The Benzene Ring

The structure of benzene was for many years a problem for chemists. Its molecular formula, C_6 H_6 , was established in 1834, but no sufficient model of the structure was provided until many years later.

The Nature of Aromaticity

Examination of the behavior of benzene led Friedrich Kekulé in 1865 to the conclusion that the benzene molecule is symmetrical, and that each carbon atom is directly united to one, and only one, atom of hydrogen. As carbon is assumed to be tetravalent (forming a total of four bonds with neighboring atoms in a molecule),any graphic representation of the molecule should show four bonds between the carbon atom and the atoms directly bonded to it.

This had proved to be a problem for many years, with various linear structures being proposed. It was not until Kekulé produced his resonance structures that a useful model became available.

Kekulé’s Resonance Model

Kekulé initially proposed a six-membered ring structure for benzene in which the carbon-to-carbon bonds were alternately single and double bonds. However, this formula, like others produced around that time, was not wholly satisfactory. He then attempted to find an explanation for the fact that when another atom was substituted for one of the hydrogen atoms, a single compound with a unique structure resulted, but when two atoms were substituted, three isomers were formed. To explain this, he suggested, in 1872, that the double bonds were shared by all the carbon atoms, so that each carbon-to-carbon bond is effectively a single bond half the time and a double bond for half the time:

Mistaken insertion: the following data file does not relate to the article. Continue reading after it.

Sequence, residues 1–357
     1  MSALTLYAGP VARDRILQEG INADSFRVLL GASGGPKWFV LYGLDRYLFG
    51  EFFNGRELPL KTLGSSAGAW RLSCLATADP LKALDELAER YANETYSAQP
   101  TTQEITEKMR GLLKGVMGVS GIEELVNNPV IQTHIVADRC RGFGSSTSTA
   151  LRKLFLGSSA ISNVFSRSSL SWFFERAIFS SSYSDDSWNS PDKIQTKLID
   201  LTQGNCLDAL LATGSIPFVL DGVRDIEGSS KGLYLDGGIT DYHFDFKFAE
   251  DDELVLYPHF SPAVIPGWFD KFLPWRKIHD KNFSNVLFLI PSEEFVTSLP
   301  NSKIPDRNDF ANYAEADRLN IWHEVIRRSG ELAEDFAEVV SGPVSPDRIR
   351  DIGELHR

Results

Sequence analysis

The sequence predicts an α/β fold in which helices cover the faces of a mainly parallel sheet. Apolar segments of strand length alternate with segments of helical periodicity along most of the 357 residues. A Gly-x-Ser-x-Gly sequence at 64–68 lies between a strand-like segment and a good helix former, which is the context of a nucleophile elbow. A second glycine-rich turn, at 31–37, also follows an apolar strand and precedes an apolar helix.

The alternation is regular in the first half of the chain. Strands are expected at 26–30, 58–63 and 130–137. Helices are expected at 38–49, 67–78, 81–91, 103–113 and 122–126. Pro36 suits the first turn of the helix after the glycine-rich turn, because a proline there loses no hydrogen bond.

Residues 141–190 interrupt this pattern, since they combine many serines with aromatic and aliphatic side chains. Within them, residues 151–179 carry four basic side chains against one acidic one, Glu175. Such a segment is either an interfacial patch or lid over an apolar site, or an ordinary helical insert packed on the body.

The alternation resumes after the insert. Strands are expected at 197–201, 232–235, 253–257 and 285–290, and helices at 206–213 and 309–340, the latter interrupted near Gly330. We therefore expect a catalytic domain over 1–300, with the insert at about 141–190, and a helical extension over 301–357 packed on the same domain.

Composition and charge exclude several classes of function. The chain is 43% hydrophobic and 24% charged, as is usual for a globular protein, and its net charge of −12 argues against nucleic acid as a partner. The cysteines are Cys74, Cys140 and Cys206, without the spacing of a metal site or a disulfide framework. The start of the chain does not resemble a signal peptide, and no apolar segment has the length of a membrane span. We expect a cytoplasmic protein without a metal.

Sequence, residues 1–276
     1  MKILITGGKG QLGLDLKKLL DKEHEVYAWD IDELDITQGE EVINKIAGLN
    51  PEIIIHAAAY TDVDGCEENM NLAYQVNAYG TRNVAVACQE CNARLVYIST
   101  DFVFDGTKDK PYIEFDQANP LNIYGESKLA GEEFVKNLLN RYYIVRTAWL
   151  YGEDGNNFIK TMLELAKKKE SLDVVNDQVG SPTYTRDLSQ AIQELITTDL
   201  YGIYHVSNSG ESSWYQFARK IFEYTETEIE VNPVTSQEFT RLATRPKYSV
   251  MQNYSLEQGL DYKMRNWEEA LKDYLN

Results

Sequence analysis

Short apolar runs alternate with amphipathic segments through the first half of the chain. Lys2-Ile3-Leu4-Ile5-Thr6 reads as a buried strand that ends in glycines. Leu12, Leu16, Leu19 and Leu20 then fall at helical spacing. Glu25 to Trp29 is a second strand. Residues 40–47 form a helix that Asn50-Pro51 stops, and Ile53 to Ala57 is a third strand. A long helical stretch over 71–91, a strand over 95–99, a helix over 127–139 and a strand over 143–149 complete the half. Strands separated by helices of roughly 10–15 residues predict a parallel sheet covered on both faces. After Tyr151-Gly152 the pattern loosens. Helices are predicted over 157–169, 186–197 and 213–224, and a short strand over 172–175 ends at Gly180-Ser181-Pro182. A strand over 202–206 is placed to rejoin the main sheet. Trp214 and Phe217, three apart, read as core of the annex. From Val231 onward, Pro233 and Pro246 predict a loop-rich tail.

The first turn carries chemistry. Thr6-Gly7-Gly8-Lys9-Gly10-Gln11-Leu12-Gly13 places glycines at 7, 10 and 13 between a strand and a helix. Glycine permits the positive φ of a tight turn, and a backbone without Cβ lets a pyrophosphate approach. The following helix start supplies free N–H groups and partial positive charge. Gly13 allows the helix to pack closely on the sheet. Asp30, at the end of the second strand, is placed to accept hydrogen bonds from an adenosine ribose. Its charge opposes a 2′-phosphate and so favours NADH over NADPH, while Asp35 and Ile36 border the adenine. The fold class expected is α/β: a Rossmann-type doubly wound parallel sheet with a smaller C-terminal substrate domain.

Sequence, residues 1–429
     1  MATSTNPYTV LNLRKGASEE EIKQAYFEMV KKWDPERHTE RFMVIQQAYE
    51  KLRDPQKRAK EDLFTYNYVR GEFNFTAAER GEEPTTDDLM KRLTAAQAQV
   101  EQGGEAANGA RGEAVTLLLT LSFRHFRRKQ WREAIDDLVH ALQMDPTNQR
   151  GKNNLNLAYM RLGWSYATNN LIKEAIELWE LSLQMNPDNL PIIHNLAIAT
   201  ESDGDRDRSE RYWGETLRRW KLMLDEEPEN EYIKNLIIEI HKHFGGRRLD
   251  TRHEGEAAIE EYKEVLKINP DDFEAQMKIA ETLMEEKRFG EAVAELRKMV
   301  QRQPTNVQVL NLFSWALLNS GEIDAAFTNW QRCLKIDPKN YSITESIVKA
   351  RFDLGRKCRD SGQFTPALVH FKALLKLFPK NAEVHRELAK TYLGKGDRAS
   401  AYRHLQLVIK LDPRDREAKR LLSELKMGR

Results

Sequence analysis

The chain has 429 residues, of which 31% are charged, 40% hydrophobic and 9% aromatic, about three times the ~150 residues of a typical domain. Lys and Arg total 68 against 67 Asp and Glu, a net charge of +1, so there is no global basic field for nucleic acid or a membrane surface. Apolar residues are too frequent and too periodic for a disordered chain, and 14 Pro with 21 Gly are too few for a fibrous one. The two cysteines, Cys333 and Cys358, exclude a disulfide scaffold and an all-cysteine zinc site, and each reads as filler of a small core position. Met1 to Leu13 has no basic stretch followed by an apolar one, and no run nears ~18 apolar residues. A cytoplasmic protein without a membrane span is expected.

This phenomenon is known as resonance, and according to the model the molecule oscillates, or resonates, between the two structures. This remained the most satisfactory explanation of the bonding in benzene well into the twentieth century.

Delocalization of Electrons

Modern theories of bonding since the 1940s involving quantum theory have thrown new light on the whole problem of aromaticity. It is now known that each of the bonds in the benzene molecule has some double-bond character as a result of (pi) bonding.Each carbon atom has four valence electrons with which to form bonds. As in the double bonds of alkene molecules, carbon atoms in benzene are linked by a (sigma) bond, formed by the linear overlap of atomic orbitals, and by a (pi) bond, resulting from the lateral overlap of atomic p orbitals. On each carbon atom in the benzene molecule, these p orbitals overlap with those of both neighboring carbon atoms to form one large molecular orbital, which is often described as an “electron cloud.” Because there are two regions of overlap in a (pi) bond, the electron cloud extends above and below the plane of the ring structure.

The (pi) Electron Cloud of Benzene

In a conventional double bond, each carbon atom contributes two electrons – one toward the formation of a (sigma) bond, and one to a (pi) bond. In the benzene molecule, each carbon atom is additionally bonded to a hydrogen atom, and since the formation of this bond requires the carbon atom to donate an electron, it has only one electron left (one electron from each atom having already been used in the formation of the C(single bond)C (sigma) bond). These p-orbital electrons (one electron from each of the six carbon atoms) are uniformly distributed, or delocalized, around the ring. Because of the difficulty of drawing a single structure indicating the position of electrons in aromatic rings in benzene and in other compounds, they are often represented in the following manner:

The cyclic, unsaturated structure found in aromatic compounds gives them a chemical stability much greater than that of the corresponding open-chain polyenes. Because of the stability of the ring, aromatic compounds tend to undergo substitution reactions rather than addition reactions (which would disrupt the ring structure by withdrawing electrons to form additional bonds).


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